October 6, 2015 – As Santa Cruz becomes synonymous with craft beer and the roster of breweries and tap houses quickly grows, the beer community does not respond with complaints of saturation, but with a cry of solidarity of strength in numbers.
More impressive, each new brew venture seems to offer something different and unique to the scene. Through design, marketing, and storytelling on their attractive blog, Humble Sea Brewery—born in the Santa Cruz Mountains and soon to be building out a space on Porter St. in Soquel—invites you along for the ride and gives new depth to a craft beer community.
The seed for Humble Sea started in 2009 when brewer Nick Pavlina, a recent college graduate, started home brewing in his side yard in Pleasure Point. While working construction jobs, his brew hobby eventually took center stage and he attended the American Brewers Guild for an intensive course in brewing science and engineering.
After a few years of developing his craft, running a construction company, and trying to start a brewery, Pavlina joined forces with childhood friends Taylor West and Frank Scott Krueger to put his ideas into action. West, a bar manager at the West End Tap & Kitchen, and Krueger, a media and marketing creative with his own design studio, helped to form a skilled and energetic team and by March of 2015 the trio announced on their blog that, with no money in their pockets, they were going to start a brewery.
The past six months, Humble Sea has been sprinting towards their goal. They recently received a license to manufacture and distribute from their current Ben Lomond location. They are updating to a new 1BBL pilot system that will allow them to brew three times more than their current ½ barrel system allows. The Alcohol and Tobacco Trade Bureau is currently doing label name approval, but once that’s complete in 45-60 days, Humble Sea will be able to legally sell their beer to restaurants and tap houses.
In early September they announced on their blog that they were negotiating for a 3,400 square foot space in the heart of Soquel. The catch? They had to raise $150k by October 1st. Meeting with Taylor West shortly after this offer was made, he didn’t have a single line of stress on his face, but was all wide-eyed optimism. “Failing isn’t an option I can entertain right now,” he said. Through a combination of bank loans and investors, Humble Sea solidified only $110k by their deadline, but with verbal commitments of more money, the landlord has allowed the team to move in.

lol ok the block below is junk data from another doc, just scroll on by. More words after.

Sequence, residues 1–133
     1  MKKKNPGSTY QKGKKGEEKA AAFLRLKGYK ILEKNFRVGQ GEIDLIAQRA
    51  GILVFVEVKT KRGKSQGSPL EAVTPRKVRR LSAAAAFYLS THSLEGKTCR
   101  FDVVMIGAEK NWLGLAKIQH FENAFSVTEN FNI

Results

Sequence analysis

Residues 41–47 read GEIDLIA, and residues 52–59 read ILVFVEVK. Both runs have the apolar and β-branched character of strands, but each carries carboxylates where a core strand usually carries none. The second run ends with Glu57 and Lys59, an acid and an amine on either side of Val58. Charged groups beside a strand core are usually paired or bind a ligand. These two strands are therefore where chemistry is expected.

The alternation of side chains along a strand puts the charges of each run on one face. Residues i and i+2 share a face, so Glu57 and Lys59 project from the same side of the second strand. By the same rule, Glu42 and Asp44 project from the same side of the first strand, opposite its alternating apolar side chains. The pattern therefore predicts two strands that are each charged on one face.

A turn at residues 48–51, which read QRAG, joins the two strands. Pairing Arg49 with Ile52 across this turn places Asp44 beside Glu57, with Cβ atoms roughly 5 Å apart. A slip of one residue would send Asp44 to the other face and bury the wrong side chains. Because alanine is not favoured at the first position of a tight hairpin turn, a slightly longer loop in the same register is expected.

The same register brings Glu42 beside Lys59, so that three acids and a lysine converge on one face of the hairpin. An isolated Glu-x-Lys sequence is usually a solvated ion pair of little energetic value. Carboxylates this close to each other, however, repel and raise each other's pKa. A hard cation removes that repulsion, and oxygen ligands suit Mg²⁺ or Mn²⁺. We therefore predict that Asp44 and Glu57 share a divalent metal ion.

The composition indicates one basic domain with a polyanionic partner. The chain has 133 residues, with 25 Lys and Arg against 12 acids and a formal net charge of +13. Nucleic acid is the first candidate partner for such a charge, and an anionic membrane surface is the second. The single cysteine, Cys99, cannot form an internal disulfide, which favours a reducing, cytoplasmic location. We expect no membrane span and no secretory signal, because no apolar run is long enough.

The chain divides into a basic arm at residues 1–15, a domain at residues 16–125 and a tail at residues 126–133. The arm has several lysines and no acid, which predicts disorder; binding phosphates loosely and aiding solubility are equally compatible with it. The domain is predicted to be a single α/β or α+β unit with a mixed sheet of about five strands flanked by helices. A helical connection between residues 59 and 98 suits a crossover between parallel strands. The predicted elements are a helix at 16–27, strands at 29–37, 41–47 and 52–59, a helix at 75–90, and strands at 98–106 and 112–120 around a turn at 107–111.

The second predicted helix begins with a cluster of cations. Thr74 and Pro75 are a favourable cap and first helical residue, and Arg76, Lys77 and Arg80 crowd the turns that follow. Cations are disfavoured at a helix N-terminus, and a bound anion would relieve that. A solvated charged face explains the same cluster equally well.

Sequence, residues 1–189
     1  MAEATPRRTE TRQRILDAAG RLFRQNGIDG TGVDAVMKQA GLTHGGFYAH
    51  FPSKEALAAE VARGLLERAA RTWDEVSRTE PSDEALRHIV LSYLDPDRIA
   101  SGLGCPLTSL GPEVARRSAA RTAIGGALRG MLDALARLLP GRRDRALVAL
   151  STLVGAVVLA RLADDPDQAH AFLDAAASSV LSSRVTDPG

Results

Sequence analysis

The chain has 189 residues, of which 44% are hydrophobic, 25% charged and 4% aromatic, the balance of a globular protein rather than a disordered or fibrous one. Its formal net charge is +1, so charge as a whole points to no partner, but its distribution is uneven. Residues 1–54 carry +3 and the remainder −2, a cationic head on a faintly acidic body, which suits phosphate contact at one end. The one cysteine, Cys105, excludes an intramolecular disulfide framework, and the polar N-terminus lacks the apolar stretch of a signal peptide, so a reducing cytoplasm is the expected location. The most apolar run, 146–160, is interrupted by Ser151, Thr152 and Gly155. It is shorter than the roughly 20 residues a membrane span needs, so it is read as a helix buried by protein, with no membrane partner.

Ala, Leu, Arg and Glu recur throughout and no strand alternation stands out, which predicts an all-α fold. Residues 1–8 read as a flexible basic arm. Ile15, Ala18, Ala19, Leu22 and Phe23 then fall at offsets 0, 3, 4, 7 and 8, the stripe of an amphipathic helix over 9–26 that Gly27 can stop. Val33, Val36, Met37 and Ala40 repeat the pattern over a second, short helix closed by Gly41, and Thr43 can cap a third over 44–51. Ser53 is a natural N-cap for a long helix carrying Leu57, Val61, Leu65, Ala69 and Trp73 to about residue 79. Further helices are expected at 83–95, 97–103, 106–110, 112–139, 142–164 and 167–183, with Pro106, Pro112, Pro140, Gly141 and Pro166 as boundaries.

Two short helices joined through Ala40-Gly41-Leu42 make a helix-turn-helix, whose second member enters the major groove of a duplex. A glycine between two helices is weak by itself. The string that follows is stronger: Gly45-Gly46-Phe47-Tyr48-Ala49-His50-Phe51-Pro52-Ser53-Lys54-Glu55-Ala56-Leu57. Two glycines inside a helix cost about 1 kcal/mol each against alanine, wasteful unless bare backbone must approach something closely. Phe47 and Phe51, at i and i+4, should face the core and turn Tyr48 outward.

Without yet having the legal ability to share their beer with the public, Humble Sea has had to find other ways to garner support from the community. Although they haven’t run a kickstarter campaign or asked for donations from the general public, it’s still important that the craft beer community root for their success. Through impeccable design and impressive screen printing, Humble Sea has merchandise you’d wear even if a brewery were never built. They’ve been active in the craft scene of Santa Cruz by self-promoting with t-shirt sales at festivals and participating in a session of Event Santa Cruz. But it’s their blog that allows the public to be part of the process and watch the story unfold with all the trials, tribulations, and successes that have been met along the way.
Three young guys—Pavlina is 30, while West and Krueger are both 26—had a vision that they decided should become a reality. So they’re going for it. I think we can all raise a pint and drink to that.
Rosie Parker, a native New Englander, likes to complain of missing home
while living the Santa Cruz high life—surfing, hiking, writing and working
for a delicious craft brewery.